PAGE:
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Snowglobe love: A sister steps in to write Santa

By Susan Shinn Turner
For the Salisbury Post

CHINA GROVE — This is a Christmas story about a shattered snow globe, a little girl’s tears, and a big sister with an even bigger heart.

Sometime this morning in China Grove — probably around daybreak — Abby Faggart will discover that Santa brought her a new snow globe after all.

Over the weekend, Abby, 5, her sister Audrey, 7, and their little brother, Hoke, 3, were all playing in the girls’ room. Hoke accidently ran into the wall, and the collision caused one of Abby’s 15 or so snow globes to fall off the shelf and break.

Abby, who has autism, went into immediate meltdown — like a temper tantrum, mom Amanda explains, but worse. Sometimes, she just can’t get herself calmed down, and this was one of those times.

But this particular incident had Amanda puzzled.

“I couldn’t figure out why she couldn’t get it back together,” Amanda says. “I have to figure a lot out because she doesn’t say everything.”

Finally, Abby wailed, “Santa doesn’t know!”

“Santa doesn’t know what?” Amanda asked.

“I already saw Santa, and told him I wanted a stupid toy cat,” Abby said. “But now I need a ballerina snow globe!”

“I was panicking,” Amanda admits, “because I knew we weren’t gonna see Santa again.”

Visiting Santa is challenging for Abby under the best of circumstances, her mom explains. “This year, she got close enough to actually yell to Santa what she wanted.”

A stupid toy cat. Not a snow globe.

That’s when Audrey jumped into the conversation.

“She tends to calm Abby down,” Amanda explains. “She’s so good with her.”

“It’s OK, Abby,” Audrey told her sister. “We’ll write him a letter.”

“But I can’t write!” Abby said, wailing again.

“Well, we’ll draw a picture,” Audrey said.

“But I can’t draw!” Abby wailed.

Finally, Abby did get calmed down, and the next day, when Amanda was in the girls’ room, cleaning up, she found a note Audrey had written.

Dear Santa

My sister wants a ballerina snow globe. She gets scarde when she sees you without me. I dont want ABBY to cry. love, Audrey

It was Amanda’s turn to cry.

“God really knew what He was doing when He had her be first,” Amanda says. “Audrey is so sure of herself and confident. She takes such good care of the other two children.”

Amanda and her husband, Jonathan, have never made a secret of Abby’s autism. She was diagnosed at age 2.

“We have talked to both of the girls about it,” Amanda says. “Audrey knows she has a special responsibility, and sometimes it stinks for her. But Abby is really neat and really quirky. We have been really blessed with Audrey, because she knows what Abby needs. Abby would be lost without Audrey. Audrey takes a lot in stride and does a lot of helping.”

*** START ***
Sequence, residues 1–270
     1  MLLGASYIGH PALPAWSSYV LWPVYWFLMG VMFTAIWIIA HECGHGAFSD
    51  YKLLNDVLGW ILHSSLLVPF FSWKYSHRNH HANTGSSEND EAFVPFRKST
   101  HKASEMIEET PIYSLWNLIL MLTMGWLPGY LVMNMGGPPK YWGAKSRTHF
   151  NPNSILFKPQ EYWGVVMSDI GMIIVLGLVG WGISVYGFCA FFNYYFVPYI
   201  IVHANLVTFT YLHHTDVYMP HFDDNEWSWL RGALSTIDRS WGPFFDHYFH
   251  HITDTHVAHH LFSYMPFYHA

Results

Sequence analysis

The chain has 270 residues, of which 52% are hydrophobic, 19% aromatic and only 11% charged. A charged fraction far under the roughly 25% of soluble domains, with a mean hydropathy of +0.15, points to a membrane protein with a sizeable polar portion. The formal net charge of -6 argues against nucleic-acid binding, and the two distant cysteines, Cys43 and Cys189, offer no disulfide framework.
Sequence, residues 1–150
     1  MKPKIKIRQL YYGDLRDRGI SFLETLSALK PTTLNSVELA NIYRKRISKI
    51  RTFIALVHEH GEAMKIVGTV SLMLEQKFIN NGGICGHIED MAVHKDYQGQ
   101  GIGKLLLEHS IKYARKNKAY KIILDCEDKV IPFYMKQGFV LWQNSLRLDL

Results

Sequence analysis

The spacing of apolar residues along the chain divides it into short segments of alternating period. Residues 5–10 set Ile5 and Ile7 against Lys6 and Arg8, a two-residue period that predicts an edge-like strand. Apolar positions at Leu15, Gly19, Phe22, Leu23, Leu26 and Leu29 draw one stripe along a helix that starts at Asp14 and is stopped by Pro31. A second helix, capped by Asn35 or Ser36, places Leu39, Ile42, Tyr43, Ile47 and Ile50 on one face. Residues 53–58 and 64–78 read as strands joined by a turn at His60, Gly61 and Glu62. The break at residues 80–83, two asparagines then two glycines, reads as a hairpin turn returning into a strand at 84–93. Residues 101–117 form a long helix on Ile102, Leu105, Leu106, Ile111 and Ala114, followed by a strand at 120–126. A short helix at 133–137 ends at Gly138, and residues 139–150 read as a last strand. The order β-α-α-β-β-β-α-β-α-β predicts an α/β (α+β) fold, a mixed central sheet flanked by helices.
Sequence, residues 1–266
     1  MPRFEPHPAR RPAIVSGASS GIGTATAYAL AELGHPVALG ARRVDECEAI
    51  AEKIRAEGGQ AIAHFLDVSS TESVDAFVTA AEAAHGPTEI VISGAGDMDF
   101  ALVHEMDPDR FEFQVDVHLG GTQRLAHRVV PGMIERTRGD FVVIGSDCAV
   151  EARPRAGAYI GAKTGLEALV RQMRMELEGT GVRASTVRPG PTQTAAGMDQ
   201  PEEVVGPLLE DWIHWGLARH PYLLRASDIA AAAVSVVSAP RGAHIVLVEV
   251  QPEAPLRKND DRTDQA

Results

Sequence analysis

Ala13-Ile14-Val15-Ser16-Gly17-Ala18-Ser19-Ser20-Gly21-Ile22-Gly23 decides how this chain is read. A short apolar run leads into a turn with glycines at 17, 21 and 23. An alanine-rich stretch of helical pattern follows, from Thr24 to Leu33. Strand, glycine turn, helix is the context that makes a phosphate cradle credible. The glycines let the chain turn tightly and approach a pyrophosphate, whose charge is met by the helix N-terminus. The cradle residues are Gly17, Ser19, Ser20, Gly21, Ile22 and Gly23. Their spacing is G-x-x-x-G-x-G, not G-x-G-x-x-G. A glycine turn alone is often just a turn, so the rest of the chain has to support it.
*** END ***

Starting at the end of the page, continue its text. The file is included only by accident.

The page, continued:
Early in the week, Amanda knew she needed to help Santa find a ballerina snow globe. She took it upon herself to scout out some stores while Abby was at occupational therapy.

“I had one hour,” she says.

She checked Target, World Market, T.J. Maxx. No luck.

“Mind you, I have a hip problem,” says Amanda, who recently underwent corrective surgery. “I just got off crutches last week. So I was hobbling around.”

Finally, at Home Goods, she found just what Abby wanted — and let Santa know right away.

Not only does Abby has the support of her big sister, the Faggarts have support from the children’s grandparents, their church family, and a host of friends.

Audrey is a first-grader at Bostian Elementary, while Hoke and Abby are in preschool at Thyatira Presbyterian Church. Abby’s teacher is Leslie Reed, whose youngest son, Jack, also has autism.

“Leslie is all about rules and structure, so there’s no deviation, which is wonderful for Abby,” Amanda says. “Abby is not very flexible — she just can’t be. So this has been a really good school year for us.”

Jonathan is a physician assistant at Ortho Carolina, while Amanda works part-time as counselor for Nazareth Child and Family Connections.

“My background helped me know something was up with her early,” Amanda says, but it did not prepare her and Jonathan for the actual diagnosis.

“Our support system is so amazing,” Amanda says. “The children’s grandparents are amazing, and we have the best friends anybody could ask for. They jump in when I need a break. They are comfortable with Abby and she is comfortable with them. We’re very lucky.”

Amanda and Jonathan have been married for 10 years, and celebrated this summer with a trip to Jamaica. He’s also amazing, she says.

“He’s very involved with Abby, and with Audrey and Hoke,” Amanda says. “Every IEP meeting and every developmental pediatric appointment, he’s there with no questions asked. I never have to go to any of those by myself.”

After her hip heals, Amanda plans to start running again. She’s done a marathon, three half marathons and a relay race with friends.

While Amanda loves running, Abby loves ballet.

“She does really well,” Amanda says. “The staff at Piedmont School of Music & Dance have been wonderful with her. Her teacher came in on her own time to help Abby and make her feel less nervous. She’s had an excellent support system, that’s for sure.”

But she has no bigger advocate than Audrey. That’s why, this morning, Audrey is getting a special shout out from the Big Man himself.

Dear Abby,

I know it’s hard to talk to Santa, but I appreciate your sister writing me a letter about your snow globe…

“Santa will give some credit to Audrey, because, bless her heart, she deserves it,” Amanda says. “She has a good heart, and as she grows up, I hope she’ll understand that people are different and I hope this will teach her to be very tolerant.”

With her good, big heart, Audrey already seems to have learned that lesson just fine.

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